I've come across some long-lost things while unpacking boxes at my newest address. This book is one of them. Having loved some of Emily Dickinson's poems that I had to memorize as a child, I bought this book shortly after it was published. The dust jacket was marking one of my favorites:
I'm Nobody! Who are you?Oh, dear! My memory must be going. I've been mis-quoting it for years, saying "the livelong day" — but where did "June" come from? I'd forgottten, if I'd ever noticed, how much Emily Dickinson used the — um — dash. When I looked up my NEW favorite from this book, someone had replaced all the dashes with appropriate punctuation, according to English teachers. Here's what's in this book:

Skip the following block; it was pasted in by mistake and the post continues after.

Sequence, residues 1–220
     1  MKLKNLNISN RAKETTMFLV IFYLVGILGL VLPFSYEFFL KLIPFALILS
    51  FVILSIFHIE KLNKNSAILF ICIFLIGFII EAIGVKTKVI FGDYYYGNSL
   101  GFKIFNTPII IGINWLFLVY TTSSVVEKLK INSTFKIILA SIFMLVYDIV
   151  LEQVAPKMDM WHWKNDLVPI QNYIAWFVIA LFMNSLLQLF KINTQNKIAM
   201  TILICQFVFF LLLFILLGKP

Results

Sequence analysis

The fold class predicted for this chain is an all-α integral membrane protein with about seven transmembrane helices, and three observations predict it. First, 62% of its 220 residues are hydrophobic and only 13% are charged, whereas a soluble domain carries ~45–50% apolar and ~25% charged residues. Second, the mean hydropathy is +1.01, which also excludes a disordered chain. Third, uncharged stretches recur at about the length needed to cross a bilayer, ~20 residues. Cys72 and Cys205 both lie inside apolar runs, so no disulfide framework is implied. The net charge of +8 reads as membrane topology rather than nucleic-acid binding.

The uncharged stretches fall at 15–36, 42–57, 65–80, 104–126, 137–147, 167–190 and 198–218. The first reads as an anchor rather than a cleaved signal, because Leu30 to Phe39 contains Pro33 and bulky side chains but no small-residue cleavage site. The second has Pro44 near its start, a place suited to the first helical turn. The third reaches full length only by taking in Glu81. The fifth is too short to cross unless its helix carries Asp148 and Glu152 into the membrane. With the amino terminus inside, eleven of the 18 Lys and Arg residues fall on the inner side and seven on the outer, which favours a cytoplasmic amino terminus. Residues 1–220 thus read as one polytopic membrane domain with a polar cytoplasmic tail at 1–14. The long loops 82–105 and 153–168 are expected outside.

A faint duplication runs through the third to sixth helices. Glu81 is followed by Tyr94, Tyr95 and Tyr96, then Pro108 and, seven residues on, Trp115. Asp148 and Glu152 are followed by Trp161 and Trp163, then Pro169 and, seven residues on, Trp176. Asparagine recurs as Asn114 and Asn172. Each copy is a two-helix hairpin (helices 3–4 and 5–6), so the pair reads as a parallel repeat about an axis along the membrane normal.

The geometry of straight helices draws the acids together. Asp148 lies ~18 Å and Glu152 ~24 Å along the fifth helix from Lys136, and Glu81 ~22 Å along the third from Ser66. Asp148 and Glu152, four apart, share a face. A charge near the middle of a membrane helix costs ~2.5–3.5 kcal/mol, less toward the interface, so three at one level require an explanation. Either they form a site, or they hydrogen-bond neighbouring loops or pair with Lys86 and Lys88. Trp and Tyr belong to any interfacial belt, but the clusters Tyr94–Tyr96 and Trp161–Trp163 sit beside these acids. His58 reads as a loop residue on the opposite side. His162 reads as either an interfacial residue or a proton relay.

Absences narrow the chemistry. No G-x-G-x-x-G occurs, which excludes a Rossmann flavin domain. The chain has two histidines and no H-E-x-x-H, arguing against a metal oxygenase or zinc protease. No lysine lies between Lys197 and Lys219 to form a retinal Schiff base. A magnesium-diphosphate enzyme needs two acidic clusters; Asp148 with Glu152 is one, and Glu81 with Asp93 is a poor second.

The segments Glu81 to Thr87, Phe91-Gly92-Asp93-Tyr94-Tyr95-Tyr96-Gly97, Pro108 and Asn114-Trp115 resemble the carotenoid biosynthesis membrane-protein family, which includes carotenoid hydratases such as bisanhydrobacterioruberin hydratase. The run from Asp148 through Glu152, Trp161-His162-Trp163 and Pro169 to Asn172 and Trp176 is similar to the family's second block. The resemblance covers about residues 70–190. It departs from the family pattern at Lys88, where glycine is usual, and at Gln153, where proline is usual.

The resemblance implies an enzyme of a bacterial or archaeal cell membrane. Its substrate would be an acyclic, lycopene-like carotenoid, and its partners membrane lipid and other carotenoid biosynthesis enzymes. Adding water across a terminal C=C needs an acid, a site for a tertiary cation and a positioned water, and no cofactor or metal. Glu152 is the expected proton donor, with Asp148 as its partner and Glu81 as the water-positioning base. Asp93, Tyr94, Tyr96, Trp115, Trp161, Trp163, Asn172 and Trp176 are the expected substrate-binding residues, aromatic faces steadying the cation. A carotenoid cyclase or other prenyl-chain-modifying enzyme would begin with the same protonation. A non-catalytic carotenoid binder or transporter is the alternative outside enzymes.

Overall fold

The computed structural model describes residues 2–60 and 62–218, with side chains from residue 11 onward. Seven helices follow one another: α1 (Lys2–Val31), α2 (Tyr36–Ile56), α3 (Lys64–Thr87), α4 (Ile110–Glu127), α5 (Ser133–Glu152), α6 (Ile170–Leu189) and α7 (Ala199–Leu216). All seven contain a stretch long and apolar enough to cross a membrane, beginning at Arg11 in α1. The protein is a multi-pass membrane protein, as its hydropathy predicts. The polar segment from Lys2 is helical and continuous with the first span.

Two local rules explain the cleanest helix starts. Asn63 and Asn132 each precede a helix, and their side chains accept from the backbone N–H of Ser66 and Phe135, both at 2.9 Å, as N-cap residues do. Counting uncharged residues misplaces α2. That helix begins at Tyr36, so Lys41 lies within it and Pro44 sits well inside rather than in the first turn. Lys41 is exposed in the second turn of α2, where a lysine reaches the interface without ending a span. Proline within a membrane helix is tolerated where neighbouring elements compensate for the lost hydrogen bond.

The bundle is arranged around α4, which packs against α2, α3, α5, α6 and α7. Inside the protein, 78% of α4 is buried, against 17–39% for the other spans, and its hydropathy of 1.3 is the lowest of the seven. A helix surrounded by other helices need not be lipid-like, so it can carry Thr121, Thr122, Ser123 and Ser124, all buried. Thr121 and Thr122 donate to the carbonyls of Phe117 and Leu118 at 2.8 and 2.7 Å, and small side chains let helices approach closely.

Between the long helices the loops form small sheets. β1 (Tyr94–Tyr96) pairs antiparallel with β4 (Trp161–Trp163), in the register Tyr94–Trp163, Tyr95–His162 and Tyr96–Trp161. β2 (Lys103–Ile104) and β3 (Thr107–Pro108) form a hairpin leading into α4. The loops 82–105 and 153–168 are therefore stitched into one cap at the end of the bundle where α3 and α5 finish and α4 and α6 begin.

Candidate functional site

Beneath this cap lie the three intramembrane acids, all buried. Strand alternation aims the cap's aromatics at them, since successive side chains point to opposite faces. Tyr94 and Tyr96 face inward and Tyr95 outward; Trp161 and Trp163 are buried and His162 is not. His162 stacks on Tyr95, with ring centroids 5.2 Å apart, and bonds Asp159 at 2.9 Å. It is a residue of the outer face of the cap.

Are you — Nobody — Too?
Then there's a pair of us?
Don't tell! they'd advertise — you know!
How dreary — to be — Somebody!
How public — like a Frog —
To tell one's name — the livelong June —
To an admiring Bog!
I've seen a Dying EyeI've thought of things like the last words a dying person speaks or, maybe, the last thing a person ever saw. But Emily Dickinson wondered what it was that "dying eye" was looking for. I wonder what I would want to see before I died. Probably the faces of those I love.
Run round and round a Room —
Then Cloudier become —
And then — obscure with Fog —
And then — be soldered down
Without disclosing what it be
'Twere blessed to have seen —
Emily Dickinson lived December 10, 1830 to May 15, 1886. This photo was taken around 1850. How do I rate her work at this stage of my life? Very good, or 8/10.